Adam McLean feared career could be over in wake of Brands Hatch crash

Adam McLean has spoken of his relief after fearing his career could be ended by injury following a crash at Brands Hatch in October 2020.

By Kyle White
Friday, 30th July 2021, 6:00 am

The Tobermore man will line up as one of the favourites on the McAdoo Kawasaki Racing machines at the Armoy Road Races tomorrow, but McLean was contemplating a much bleaker outlook back in January.

He suffered a broken right humerus after crashing during qualifying for the Superstock 600 class at the final round of the British Superbike Championship last year.

It was a major setback for the 25-year-old, who had been ruled out of action for more than a year after sustaining injuries in a crash at the Tandragee 100 in May 2019.

Adam McLean is among the favourites for this weekend's Armoy Road Races.

McLean developed wrist drop as a result of nerve damage after the incident at Brands Hatch and with no movement in his throttle hand, he was left facing the prospect that his racing career was over.

“My arm has come on a lot better than I thought and I was still wearing a splint on my wrist at the end of January, start of February,” McLean told the News Letter.

“Up until that point it was looking unlikely that I’d be racing because I had a drop wrist, and in fact I was worried that I might never race again with the sort of injury I had.

“I discussed it with the surgeon and he told me that it could heal in a few months, a few years or that it might never come back to how it was, so it was a case of wait and see. They told me to give it up to two years and whatever recovery it would make in those two years would most likely be as good as it would ever get.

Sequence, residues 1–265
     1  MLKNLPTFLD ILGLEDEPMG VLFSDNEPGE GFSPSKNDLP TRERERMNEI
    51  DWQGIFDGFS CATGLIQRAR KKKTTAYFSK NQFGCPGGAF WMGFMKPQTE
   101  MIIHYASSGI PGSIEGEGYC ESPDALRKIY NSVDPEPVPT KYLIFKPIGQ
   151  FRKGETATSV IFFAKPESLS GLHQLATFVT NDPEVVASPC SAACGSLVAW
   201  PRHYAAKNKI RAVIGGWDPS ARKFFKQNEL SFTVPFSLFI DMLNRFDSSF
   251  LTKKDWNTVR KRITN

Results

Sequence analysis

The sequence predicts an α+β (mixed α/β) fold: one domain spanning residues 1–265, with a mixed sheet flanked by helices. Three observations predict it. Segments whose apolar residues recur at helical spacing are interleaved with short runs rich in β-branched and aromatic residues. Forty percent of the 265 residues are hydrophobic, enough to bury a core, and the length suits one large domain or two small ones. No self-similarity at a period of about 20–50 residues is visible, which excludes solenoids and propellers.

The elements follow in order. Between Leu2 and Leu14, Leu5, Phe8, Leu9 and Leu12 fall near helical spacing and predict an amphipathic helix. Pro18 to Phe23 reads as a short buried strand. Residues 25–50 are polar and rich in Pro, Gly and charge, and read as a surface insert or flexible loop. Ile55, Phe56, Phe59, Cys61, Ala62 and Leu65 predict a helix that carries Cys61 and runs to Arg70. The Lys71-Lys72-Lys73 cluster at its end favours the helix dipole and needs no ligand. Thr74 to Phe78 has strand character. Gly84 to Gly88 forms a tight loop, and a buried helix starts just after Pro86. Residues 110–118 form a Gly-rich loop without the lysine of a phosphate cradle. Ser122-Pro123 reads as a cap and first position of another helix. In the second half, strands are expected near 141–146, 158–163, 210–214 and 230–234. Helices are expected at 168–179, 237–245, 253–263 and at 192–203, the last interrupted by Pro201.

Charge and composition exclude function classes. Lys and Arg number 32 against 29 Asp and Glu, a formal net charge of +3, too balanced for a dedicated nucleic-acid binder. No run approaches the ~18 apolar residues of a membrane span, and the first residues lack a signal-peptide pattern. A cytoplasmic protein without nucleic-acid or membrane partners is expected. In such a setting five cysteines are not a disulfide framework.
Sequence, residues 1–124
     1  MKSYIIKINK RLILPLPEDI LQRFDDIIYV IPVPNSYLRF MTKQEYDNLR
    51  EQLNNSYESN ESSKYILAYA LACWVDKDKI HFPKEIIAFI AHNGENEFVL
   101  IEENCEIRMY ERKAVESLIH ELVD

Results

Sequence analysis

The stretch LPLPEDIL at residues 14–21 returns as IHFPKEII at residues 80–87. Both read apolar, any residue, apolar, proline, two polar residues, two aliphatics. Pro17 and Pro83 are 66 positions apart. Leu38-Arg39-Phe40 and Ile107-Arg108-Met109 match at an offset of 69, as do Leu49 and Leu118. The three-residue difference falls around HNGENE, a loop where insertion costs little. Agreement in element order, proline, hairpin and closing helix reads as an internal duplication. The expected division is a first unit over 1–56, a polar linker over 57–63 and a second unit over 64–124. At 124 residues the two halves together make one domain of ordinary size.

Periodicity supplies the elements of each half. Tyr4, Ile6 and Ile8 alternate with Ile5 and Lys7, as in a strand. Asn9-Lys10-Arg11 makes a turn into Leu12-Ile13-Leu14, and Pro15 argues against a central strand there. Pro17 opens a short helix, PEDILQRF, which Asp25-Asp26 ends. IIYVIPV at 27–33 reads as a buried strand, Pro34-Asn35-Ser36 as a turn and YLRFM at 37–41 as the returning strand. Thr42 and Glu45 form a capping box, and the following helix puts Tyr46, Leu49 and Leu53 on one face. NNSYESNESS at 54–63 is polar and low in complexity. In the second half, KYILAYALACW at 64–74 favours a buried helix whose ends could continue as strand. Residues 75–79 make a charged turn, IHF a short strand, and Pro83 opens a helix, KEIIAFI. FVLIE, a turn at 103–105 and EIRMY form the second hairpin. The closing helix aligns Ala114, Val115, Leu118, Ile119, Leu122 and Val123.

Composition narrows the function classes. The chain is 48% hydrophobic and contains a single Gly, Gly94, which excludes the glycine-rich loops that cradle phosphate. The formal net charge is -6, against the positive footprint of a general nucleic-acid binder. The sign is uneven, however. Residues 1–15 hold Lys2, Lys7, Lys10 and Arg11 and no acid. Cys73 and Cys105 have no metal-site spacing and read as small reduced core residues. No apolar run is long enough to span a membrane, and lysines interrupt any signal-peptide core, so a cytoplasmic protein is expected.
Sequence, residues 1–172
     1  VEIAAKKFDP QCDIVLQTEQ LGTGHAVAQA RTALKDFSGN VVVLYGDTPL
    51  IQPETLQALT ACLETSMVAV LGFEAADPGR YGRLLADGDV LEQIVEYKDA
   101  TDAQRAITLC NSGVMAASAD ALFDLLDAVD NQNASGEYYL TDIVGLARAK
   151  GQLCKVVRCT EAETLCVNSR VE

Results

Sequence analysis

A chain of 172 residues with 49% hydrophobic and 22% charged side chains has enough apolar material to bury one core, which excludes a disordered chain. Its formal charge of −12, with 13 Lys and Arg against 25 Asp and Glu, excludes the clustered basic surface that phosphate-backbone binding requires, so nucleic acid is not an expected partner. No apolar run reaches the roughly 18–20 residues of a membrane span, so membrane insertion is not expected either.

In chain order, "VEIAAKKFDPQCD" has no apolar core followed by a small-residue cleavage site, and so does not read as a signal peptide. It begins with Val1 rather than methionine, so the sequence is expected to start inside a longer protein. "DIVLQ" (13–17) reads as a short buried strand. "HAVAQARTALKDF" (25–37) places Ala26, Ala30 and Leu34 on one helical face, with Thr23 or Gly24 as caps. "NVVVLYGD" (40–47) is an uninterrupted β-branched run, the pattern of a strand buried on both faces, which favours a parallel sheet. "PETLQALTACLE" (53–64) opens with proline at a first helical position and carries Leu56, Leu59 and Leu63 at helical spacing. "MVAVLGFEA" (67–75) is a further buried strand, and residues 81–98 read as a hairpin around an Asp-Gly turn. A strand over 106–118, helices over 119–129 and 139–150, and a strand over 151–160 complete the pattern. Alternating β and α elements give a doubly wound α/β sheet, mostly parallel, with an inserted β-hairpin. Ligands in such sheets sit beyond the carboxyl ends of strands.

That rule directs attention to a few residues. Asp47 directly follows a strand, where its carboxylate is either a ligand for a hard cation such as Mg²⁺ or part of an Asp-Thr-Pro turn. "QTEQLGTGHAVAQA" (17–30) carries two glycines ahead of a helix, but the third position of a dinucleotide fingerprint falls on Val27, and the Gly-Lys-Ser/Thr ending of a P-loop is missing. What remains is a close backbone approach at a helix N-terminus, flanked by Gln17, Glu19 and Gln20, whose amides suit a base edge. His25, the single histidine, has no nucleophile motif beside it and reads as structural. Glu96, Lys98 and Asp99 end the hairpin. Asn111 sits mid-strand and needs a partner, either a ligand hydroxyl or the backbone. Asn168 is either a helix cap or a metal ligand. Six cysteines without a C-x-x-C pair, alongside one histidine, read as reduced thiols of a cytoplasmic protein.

“I learned to write with my left hand and I tried to work around it as best I could, and get on with life – that was the attitude I had,” added McLean.

“Then one night around the end of January, I remember sitting on the sofa and I nudged Catherine (McGlinchey, fiancée) and said, ‘look, it’s moving’. I was asking her, ‘can you see that?’ and my wrist was just beginning to move the tiniest little bit.”

McLean doubled down on his efforts to regain movement in his wrist once again and slowly but surely he made excellent progress over the next few months.

“I put a lot of effort into building the strength back up again because it was so weak,” he said.

“I had a lot of muscle waste as well and at the start, even when I tried to hold my wrist in a straight position it felt like I was holding a weight in my hand.

“I spent a lot of time riding my trials bike, which was working my wrist and my hand. I was able to ride a trials bike much, much sooner than I would have been able to ride any other kind of bike because of the slow speed involved.

“The progress is way more than I could ever have imagined back in the winter and I’m just really pleased that I’m able to keep racing.”

McLean, a Supersport and Supertwin winner at the Cookstown 100 last September, says he hasn’t set himself any targets at Armoy as he returns to an Irish road race for the first time in over 10 months.

“I’m taking Armoy as it comes and I’m not setting any targets or anything, we’ll have a spin around, see where we are and then go from there,” he said.

“But I’m looking forward to going road racing again because it’s been a while since the Cookstown 100.”

An impressive line-up at Armoy includes eight-time ‘Race of Legends’ winner Michael Dunlop, Derek Sheils, Michael Sweeney, Davey Todd, Paul Jordan and Guy Martin, who is entered in the Senior Classic race.

Roads close today from 12.30pm for practice, with a Supersport 600 and Lightweight Supersport race planned later this evening.

Tomorrow, roads close at 10am sharp for the main 11-race programme.